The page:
Cognitive function and other physiological factors, such as stress levels, have long been associated with physiological health and immunocompetence. Markers of cognitive function, such as reaction time, vigilance, and processing speed, are central to human ability and optimal performance. Variability in these measures is common, as numerous environmental, physical, and mental factors can modify them, including sleep quality, dietary patterns, and other lifestyle choices.
A burgeoning body of scientific evidence suggests that intra-individual variability reaction time and other cognitive performance markers may reflect neurobiological disturbances and, thus, have valuable prognostic significance. Prior research has shown that a heightened variability in reaction time is explicitly associated with greater mortality risk in both younger and older adults. Now, the results of a recent 2022 study reveal a potential connection between cognitive performance and disease susceptibility that could transform our understanding of and approach to the brain-immune system pathway.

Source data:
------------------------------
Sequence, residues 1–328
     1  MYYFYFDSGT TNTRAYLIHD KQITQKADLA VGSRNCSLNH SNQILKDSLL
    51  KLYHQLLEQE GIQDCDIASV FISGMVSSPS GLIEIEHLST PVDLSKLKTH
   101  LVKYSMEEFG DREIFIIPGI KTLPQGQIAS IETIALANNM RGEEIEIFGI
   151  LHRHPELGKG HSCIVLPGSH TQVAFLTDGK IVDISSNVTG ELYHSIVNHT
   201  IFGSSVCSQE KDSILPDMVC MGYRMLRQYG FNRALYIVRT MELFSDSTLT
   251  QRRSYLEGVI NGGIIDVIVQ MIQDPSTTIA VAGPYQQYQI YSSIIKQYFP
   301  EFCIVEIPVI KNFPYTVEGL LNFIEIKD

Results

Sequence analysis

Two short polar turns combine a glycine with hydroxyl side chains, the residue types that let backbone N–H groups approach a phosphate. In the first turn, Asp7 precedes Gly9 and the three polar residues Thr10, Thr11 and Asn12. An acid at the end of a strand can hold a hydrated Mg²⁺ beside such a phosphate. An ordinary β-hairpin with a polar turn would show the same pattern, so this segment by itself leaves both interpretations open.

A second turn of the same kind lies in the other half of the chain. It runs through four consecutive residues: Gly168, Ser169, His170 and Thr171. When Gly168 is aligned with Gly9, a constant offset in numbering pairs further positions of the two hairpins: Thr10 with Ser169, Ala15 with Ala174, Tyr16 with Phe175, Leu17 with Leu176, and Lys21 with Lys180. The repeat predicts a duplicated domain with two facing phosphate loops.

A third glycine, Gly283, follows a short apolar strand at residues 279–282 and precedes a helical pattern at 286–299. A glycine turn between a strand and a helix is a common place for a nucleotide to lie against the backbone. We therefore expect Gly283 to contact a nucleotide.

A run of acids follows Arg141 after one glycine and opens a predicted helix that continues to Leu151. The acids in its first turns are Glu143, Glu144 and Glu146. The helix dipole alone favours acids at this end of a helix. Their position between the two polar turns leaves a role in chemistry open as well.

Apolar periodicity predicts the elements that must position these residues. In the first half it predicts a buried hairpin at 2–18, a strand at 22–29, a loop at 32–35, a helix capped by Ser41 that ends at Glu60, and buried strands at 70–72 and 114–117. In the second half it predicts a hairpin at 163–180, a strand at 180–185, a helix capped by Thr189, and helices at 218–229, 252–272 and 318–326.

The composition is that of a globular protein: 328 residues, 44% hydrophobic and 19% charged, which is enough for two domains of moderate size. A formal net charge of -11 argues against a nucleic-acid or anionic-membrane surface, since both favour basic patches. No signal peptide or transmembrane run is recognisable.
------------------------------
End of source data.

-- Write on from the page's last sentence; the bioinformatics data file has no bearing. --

Cognitive performance is a critical capability that allows individuals to function accordingly in their everyday lives; it provides humans with the capacity for sustenance and self-preservation and the free will to engage in activities of their choice. However, many researchers have posed a question regarding the sustainability of the human body’s cognitive performance, particularly because cognition may not be an all-enduring ability and is subject to different levels of degradation.
Several studies have proposed this concept, and research shows that several factors could affect a person’s cognitive ability, along with the discovery that multiple types of cognition correlate to specific functionality in the human body.
After several assessments of this proposed thesis, oxidative stress was considered one of the most significant factors correlated to a decrease in cognitive performance. This type of degradation is associated with the inherent decline of the body – aging.